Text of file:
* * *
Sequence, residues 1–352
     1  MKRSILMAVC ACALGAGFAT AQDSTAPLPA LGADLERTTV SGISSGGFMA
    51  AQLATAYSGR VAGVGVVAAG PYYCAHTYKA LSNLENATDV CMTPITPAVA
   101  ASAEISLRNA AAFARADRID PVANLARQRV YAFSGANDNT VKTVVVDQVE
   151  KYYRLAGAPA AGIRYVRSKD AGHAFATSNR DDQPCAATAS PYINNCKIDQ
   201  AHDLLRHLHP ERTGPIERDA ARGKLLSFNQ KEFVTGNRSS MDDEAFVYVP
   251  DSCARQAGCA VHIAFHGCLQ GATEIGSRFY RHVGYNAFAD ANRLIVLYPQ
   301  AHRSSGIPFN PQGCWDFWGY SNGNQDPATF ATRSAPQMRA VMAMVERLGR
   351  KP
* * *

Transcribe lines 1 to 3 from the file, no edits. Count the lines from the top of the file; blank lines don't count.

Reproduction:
Sequence, residues 1–352
     1  MKRSILMAVC ACALGAGFAT AQDSTAPLPA LGADLERTTV SGISSGGFMA
    51  AQLATAYSGR VAGVGVVAAG PYYCAHTYKA LSNLENATDV CMTPITPAVA